Miss Phillips Goes to Washington

By on February 22, 2017
Chloe Phillips heads toward the U.S. Capitol to participate in the 15th annual Special Olympics Capitol Hill Day. (Photos by Anne Phillips)

Chloe Phillips heads toward the U.S. Capitol to participate in the 15th annual Special Olympics Capitol Hill Day. (Photos by Anne Phillips)

Manheim’s Chloe Phillips had a two-day whirlwind visit to Washington, D.C., starting Wednesday, Feb. 15. The Special Olympics athlete visited Capitol Hill during Special Olympics 15th annual Capitol Hill Day.

She was one of over 40 Special Olympics athletes from across the country participating in the event and was selected to represent the state by Special Olympics Pennsylvania. In meetings with legislators, including Congressman Lloyd Smucker and Senator Bob Casey, she lobbied the federal government to sustain its annual $4.5 million funding for Special Olympics’ health program and $10 million funding for the organization’s unified sports program.

During a launch event, she met Timothy Shriver, chairman of Special Olympics, and heard from U.S. Secretary of Education Betsy DeVos.

“No one can better articulate a vision for how America can become a more inclusive nation or demonstrate what it means to unite and come together than the athletes and Unified Partners of Special Olympics,” Shriver said, “We support the preservation of laws that guarantee the rights and full participation and integration of people with intellectual disabilities into our society.”

Secretary DeVos told attendees, “I am proud to stand beside you as a partner in support of Special Olympics and its Unified Champion Schools, an important program that promotes leadership and empowers students to be agents of change.”

Phillips definitely fits that bill.

Chloe Phillips met Tim Shriver, chairman of Special Olympics, and U.S. Secretary of Education Betsy DeVos during a launch event for Special Olympics Capitol Hill Day.

Chloe Phillips met Tim Shriver, chairman of Special Olympics, and U.S. Secretary of Education Betsy DeVos during a launch event for Special Olympics Capitol Hill Day.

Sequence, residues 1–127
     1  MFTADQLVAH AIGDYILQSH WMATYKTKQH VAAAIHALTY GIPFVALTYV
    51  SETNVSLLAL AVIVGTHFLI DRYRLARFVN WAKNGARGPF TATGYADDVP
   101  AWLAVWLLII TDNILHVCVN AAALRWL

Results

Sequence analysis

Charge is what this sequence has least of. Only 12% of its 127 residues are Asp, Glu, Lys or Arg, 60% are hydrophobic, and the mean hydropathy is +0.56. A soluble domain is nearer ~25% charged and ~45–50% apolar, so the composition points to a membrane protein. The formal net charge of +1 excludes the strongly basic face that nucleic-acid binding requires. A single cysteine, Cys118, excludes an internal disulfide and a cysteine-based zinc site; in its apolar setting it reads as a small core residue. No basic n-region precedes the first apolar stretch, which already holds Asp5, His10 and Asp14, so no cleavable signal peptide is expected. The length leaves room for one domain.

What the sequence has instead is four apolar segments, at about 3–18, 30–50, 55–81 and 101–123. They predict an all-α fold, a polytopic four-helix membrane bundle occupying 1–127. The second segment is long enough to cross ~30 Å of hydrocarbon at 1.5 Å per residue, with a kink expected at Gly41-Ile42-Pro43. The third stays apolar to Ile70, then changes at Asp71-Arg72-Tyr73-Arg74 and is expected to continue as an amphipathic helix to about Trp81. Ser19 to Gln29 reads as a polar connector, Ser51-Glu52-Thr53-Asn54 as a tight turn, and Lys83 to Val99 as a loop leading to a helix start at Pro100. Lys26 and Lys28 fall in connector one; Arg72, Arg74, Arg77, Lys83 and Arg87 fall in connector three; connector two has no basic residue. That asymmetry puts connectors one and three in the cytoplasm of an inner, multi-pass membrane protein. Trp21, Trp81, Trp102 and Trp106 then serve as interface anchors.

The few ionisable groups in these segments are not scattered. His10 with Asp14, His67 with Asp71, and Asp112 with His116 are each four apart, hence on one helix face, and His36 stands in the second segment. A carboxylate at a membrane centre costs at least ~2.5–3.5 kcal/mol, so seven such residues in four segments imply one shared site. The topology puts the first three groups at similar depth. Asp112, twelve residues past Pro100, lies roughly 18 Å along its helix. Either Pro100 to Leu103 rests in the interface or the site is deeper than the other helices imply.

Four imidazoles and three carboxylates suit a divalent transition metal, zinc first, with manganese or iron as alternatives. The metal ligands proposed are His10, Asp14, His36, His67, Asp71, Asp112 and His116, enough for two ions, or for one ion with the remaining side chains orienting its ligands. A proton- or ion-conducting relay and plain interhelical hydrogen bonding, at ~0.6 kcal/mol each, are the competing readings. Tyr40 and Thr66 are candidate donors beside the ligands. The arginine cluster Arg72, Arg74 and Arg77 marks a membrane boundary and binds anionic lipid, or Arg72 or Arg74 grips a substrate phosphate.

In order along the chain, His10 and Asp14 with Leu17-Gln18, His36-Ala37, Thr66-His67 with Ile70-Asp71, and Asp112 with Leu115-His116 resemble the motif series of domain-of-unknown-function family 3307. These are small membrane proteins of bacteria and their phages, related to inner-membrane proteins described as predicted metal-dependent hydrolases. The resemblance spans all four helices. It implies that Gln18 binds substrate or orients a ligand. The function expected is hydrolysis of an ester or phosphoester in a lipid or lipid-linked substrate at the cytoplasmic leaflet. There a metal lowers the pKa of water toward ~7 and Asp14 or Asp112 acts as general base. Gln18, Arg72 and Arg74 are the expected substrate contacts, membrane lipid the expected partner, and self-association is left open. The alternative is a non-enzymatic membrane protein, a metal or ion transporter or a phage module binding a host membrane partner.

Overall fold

Born with Down Syndrome, the 18-year-old Manheim Central grad hasn’t let that define her. She’s currently involved in a work-study program with the VA Hospital in Lebanon. She was selected as Manheim Central’s 2015 Homecoming Queen, and serves as a global ambassador for Special Olympics Pennsylvania. As a member of the Special Olympics Lancaster County swim team, she’s medaled in several events at the Special Olympics Summer Games, capturing her first gold medals in June 2011. She was also a member of Manheim Central’s Marching Barons and the high school’s swim team.

“Being part of Capital Hill Day was a great, but exhausting experience,” she said. “It was great to see how government works. I not only shared my passion about Special Olympics, but by giving up my lunch hour I managed to fit in a tour of the Capitol.”

Interacting with other Special Olympics athletes was one of her favorite things. Her least favorite: wearing heels all day — something that many women can empathize with.

As a Special Olympics athlete, she said that the unified sports program is dear to her heart.

Anne Phillips, who is not only Chloe’s mom, but also is a volunteer on Special Olympics Lancaster County’s management team and swim coach, explained that the unified sports program brings people with and without intellectual disabilities together on the same team to compete.

She said that Pennsylvania currently has 90 schools involved in unified track and bocce programs, but none are in Lancaster County. She is hoping that in the 2018-19 school year, four schools in the county may participate in the program.

She explained that the program helps students better accept one another; reducing bullying and stereotyping. It teaches leadership skills to typical students that organize the teams. Chloe added that it gives those with a physical or intellectual disability an equal playing field to be competitive.

Chloe Phillips is also taking on a new role through Special Olympics Pennsylvania — health and fitness coordinator, in which she will encourage fellow athletes to lead a healthy lifestyle. Since obesity numbers are high in the special needs community, she hopes to encourage athletes to stay active — exercising even if it’s not an athlete’s sport season; and to make healthy food choices.

She pointed out that Special Olympics PA is actively working on educating athletes not only by having health screenings during the Fall, Winter and Summer Games, but by educating all athletes.

“Only a small percentage of athletes get to attend the State games, and we want every special needs athlete to be as fit as possible,” Phillips said.

Rochelle Shenk is a correspondent for the Lititz Record Express. She welcomes your comments and questions at RAASHENK@aol.com.

Chloe Phillips met with Congressman Lloyd Smucker during Capitol Hill Day

Chloe Phillips met with Congressman Lloyd Smucker during Capitol Hill Day

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